Integration Of The Disabled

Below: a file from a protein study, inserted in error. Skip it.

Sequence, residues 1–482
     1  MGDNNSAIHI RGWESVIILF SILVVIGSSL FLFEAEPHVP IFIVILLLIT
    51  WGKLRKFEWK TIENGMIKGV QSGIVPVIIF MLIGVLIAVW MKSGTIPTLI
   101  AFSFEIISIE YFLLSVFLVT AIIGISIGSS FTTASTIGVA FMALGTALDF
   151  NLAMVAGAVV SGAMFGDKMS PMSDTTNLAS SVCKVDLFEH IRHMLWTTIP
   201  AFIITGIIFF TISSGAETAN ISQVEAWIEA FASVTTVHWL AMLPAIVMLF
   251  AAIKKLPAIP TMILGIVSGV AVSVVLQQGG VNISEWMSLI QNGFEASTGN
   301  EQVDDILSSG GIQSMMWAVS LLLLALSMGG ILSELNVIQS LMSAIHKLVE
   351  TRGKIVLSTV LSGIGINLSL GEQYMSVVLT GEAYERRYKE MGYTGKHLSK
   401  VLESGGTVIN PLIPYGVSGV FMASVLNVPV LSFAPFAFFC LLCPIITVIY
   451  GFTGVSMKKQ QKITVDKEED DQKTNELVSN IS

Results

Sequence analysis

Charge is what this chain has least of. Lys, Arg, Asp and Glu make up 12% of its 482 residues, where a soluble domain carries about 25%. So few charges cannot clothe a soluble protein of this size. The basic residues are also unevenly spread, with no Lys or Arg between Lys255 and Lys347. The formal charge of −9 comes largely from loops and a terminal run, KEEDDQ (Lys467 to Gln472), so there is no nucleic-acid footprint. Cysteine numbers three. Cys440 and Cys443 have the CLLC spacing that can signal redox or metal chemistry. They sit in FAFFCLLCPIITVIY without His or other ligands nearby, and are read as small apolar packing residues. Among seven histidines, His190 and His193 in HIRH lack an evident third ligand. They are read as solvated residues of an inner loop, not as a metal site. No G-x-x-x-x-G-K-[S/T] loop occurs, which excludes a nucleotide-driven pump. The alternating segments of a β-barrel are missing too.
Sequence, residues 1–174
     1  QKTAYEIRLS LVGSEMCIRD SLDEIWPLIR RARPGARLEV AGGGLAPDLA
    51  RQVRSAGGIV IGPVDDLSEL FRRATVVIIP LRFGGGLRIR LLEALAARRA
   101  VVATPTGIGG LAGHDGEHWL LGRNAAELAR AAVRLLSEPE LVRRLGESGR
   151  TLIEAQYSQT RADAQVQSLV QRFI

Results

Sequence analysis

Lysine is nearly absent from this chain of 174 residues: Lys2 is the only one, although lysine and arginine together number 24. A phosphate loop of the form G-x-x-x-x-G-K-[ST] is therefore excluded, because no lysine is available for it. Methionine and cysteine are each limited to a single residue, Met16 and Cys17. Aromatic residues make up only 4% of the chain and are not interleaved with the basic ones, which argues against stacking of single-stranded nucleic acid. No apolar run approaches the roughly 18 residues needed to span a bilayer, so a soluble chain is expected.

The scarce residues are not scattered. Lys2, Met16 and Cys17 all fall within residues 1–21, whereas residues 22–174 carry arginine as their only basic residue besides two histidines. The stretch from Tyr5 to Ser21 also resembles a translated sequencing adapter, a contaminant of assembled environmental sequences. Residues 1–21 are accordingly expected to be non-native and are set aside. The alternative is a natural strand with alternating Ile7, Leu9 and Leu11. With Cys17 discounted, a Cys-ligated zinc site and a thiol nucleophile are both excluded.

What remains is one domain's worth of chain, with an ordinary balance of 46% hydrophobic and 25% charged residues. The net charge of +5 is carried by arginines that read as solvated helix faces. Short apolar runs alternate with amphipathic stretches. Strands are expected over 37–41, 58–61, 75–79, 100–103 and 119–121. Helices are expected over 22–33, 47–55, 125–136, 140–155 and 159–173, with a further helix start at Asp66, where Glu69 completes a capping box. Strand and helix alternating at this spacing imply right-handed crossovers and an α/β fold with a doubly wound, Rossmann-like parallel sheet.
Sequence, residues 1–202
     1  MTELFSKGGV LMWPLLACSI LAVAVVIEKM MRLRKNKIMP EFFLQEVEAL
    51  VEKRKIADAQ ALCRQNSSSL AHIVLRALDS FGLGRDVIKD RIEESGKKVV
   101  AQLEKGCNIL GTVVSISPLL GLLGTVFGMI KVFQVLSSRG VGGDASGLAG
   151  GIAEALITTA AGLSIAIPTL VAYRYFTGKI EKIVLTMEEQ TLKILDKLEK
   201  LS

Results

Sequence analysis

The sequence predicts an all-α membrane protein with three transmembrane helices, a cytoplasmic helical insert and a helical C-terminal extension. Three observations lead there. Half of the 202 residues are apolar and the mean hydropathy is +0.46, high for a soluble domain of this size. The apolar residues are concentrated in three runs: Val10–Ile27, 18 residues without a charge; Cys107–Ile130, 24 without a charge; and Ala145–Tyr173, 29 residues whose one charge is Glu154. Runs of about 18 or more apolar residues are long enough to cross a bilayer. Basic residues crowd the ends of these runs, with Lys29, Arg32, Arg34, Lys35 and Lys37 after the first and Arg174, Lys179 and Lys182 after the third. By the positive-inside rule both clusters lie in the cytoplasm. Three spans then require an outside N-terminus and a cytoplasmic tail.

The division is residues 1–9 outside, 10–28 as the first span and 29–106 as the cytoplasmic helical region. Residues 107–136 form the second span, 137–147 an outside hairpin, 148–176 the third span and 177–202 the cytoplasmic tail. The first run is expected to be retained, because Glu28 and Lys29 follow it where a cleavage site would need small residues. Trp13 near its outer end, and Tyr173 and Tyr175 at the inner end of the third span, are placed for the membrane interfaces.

Wilfred Owen, through his famous poem Disabled, gives the readers an intimate detail about the tragic loss of humanity a soldier suffers after facing the consequences of war. The unnamed soldier is left to endure a life of utter meaninglessness when his friends, family and other associations gradually fade away without any prior warning. Disability here is a physical impairment which leads to an emotional and psychological trauma and thus impairs him for life. If we dig deep, we would observe that disability actually has a lot more to offer than to just physical inability in our society. Disability and the disabled people are always subjected to marginalization in all aspects of life whether it is work or education or socializing. Traditionally disabled people have always been marked under the categories like ‘special’ or ‘different’. This is like a reconfirmation to our practice of compartmentalization of these so called ‘disabled’ people every single day rather than incorporating them in the main league or liberating them from the taboos they have been tagged to. However, few years back, the Council of Europe adopted a Disability Action Plan 2006-2015 which contains 15 action lines, including participation in political, public and cultural life, education, information and communication, employment, accessibility of the built environment and transport. It also draws attention to the needs of women and children with disabilities and severely disabled people in need of a high level of support but the reports of UNESCO, reveal that factual details of all the initiatives taken to integrate disabled people in our society, do not bear any factual accuracy and in many under developed countries policies adopted to work on these issues are either under-funded or poorly constructed. A new definition of disability the social disability, also springs up from this concern which directly deals with restrictions effected on a group of people representing a certain caste, class, gender, race and religion in several countries like Africa, India, Hong Kong, Bulgaria and Afghanistan etc. Though, every other day the world prepares itself to ponder upon these facts and formulate policies for insertion of all the ‘disabled’ yet, discrimination, marginalization, restriction and suppression, seems to be an ever-lasting process setting its claws deeper and deeper. As promises are broken, hopes die down, disabled people go on accepting isolation and destitute and are abandoned.